The Republican tax scam is a bad deal for middle class families on many levels. It cuts taxes for the wealthiest Americans, raises taxes on middle class families, and increases the deficit. But unbeknownst to many is that the Senate bill also includes the so-called “Strong Families” Act, which would provide a small tax credit to businesses who voluntarily provide two weeks of paid family and medical leave.
Paid family and medical leave is an idea whose time has come. Sadly, the Republican proposal misses the mark — it strengthens tax credits for big businesses without making any real change in our paid leave policy as a nation.
There is no evidence that tax credits of the size in the Republican proposal would even incentivize employers to shift their behavior. If anything, this provision will only give tax breaks for employers who already offer paid leave. Those companies should be commended for their great work, but we should not pretend this proposal will expand meaningful paid leave in this country.
Even conservative-leaning economists note that when you look at past employer tax credits for training and childcare and employment, there is no correlation with employers changing their policies. Economist Aparna Mathur at the American Enterprise Institute wrote, and I quote: “As with all tax-credit programs, at the margin it probably won’t get most employers to change.” Conservative think tank American Action Forum wrote that it “is not clear whether the tax credit in the Strong Families Act would lead to many businesses starting to offer paid family leave or if it would simply subsidize employers who are already providing the benefit.”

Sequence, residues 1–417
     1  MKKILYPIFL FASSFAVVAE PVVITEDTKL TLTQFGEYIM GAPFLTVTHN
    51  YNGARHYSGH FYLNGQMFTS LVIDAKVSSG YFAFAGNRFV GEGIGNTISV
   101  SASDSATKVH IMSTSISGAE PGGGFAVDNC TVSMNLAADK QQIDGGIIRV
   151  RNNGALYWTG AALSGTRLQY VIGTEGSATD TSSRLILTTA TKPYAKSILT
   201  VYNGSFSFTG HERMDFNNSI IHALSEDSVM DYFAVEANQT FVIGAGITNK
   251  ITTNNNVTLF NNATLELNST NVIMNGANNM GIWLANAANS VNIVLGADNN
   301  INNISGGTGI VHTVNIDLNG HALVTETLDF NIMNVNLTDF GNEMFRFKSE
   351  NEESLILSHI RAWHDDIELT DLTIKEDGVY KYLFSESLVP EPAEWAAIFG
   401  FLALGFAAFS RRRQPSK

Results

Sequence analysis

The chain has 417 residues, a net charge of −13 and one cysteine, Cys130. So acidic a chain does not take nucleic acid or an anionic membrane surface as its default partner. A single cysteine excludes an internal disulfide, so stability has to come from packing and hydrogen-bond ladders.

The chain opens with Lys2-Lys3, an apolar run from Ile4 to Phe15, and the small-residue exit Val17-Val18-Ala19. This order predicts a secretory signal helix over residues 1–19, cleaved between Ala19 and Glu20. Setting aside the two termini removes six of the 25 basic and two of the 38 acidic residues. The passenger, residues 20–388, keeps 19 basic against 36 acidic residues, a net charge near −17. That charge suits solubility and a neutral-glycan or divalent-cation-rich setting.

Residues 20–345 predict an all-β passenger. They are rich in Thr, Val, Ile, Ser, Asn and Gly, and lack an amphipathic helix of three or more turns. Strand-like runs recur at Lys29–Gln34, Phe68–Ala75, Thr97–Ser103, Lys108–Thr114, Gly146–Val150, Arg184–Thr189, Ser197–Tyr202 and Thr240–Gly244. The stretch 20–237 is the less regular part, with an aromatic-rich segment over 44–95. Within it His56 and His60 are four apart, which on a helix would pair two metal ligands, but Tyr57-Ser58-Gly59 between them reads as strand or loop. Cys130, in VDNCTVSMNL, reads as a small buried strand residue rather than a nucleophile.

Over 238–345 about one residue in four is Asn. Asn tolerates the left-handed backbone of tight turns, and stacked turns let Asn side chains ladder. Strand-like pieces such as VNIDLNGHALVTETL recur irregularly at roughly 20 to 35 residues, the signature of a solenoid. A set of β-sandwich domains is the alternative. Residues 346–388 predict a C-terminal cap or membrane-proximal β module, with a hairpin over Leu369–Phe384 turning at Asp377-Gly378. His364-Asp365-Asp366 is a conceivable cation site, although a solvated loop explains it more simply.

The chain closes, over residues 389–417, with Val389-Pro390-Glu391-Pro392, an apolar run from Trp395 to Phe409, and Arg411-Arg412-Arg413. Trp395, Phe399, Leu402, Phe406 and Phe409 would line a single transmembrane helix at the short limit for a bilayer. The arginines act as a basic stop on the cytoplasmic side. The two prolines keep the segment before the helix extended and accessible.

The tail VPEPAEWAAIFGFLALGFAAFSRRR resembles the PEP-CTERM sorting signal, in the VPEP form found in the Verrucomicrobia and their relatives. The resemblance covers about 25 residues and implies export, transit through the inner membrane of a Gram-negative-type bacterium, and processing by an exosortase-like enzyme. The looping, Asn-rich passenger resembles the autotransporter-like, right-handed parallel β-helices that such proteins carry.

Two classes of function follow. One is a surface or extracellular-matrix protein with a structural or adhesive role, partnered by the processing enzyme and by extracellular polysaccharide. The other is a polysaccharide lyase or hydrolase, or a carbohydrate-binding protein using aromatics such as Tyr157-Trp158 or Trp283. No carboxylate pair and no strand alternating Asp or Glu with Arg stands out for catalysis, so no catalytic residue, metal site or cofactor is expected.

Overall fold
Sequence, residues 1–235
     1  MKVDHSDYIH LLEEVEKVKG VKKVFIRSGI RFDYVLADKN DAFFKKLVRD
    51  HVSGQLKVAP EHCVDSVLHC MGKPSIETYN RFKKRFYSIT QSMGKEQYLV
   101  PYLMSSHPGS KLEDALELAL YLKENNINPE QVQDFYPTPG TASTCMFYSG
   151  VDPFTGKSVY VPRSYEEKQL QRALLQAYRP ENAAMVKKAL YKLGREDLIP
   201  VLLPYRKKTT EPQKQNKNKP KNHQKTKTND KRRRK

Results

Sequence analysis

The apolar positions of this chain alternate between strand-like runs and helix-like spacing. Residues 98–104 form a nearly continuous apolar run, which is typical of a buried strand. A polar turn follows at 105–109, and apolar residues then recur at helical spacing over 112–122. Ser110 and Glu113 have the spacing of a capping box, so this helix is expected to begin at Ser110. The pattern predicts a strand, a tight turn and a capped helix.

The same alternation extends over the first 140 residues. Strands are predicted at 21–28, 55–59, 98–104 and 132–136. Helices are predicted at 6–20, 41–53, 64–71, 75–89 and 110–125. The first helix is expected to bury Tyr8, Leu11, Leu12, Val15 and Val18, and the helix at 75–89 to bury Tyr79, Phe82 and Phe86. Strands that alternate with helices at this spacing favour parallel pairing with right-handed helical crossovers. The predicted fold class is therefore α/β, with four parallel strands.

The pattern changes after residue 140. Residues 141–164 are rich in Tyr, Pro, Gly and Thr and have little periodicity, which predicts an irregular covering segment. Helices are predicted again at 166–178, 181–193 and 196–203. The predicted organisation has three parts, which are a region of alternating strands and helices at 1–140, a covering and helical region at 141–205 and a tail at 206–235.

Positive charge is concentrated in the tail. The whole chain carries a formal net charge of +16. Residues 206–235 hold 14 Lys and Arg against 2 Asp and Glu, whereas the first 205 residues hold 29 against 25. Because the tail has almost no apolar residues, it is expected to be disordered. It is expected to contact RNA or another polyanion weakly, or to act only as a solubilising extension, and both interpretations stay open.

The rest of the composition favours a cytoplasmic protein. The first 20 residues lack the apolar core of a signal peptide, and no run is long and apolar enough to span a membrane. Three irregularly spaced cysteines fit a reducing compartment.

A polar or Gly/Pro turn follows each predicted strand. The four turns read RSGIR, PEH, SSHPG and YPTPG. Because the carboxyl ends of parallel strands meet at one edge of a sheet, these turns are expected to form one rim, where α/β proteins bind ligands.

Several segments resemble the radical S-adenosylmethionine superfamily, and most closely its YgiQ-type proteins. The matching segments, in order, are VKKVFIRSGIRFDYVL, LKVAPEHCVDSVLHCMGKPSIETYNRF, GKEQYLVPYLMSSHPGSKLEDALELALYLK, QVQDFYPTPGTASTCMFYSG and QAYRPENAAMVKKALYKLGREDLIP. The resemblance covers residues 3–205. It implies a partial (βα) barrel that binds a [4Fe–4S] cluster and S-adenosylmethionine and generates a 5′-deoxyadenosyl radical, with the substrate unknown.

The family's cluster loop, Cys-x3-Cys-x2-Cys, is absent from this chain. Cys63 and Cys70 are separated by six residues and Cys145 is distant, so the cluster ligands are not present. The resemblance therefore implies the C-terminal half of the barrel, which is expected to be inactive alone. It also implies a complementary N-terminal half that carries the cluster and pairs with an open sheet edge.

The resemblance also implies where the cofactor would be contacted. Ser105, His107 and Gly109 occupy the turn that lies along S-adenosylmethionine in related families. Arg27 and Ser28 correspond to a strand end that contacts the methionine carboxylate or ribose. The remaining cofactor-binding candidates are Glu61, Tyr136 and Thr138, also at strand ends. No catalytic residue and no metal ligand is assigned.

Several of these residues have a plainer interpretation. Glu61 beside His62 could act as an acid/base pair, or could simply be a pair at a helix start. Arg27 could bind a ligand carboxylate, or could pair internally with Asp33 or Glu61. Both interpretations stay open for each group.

The Republican credit would only apply for two years — a period of time that is too short to change the behavior of businesses in a measurable way. Employers who voluntarily offer more paid leave than their states are not taken into account under this tax credit.
Republicans are checking a box to say they expanded paid leave, while failing to do any real work for the millions of middle class families who need to take time for a serious illness, the birth of a child, or to care for a family member.
In reality, this tax credit would give yet another handout to big businesses, leaving behind small businesses for whom this tax credit would not cover the cost of leave. And entrepreneurs and workers in the gig economy — who are making up a larger and larger share of our economy as a whole — would be completely shut out because they do not have an employer to provide paid leave.
In 1986, I was diagnosed with ovarian cancer. It was an experience I would not wish on anyone. But in one sense, I was lucky – my employer offered paid medical leave. In fact, my boss at the time was none other than Senator Chris Dodd, who introduced what became the Family and Medical Leave Act that same year. He encouraged me to take all the time I needed to get well. With the support of my colleagues and my family, I recovered, and have now been cancer-free for 30 years.
I was fortunate — but most working Americans are not. At some point in our working lives, nearly all of us will need time off to deal with a serious illness or care for a newborn child. Yet only 40 percent of American workers have access to paid personal medical leave for a serious illness, and only 15 percent have access to paid family leave. We must do better for American families
If we really wanted to strengthen middle class families, we would pass the FAMILY Act. The FAMILY Act would set up a national insurance program to provide participating workers with up to 12 weeks of paid leave per year for birth or adoption of a new child, recovery from a serious illness, or caring for a seriously ill family member.
Middle class families should be at the center of our policy making, and they deserve real paid family and medical leave — not another empty promise. We must reject the Republican tax scam and start the critical work of changing the direction this country is going.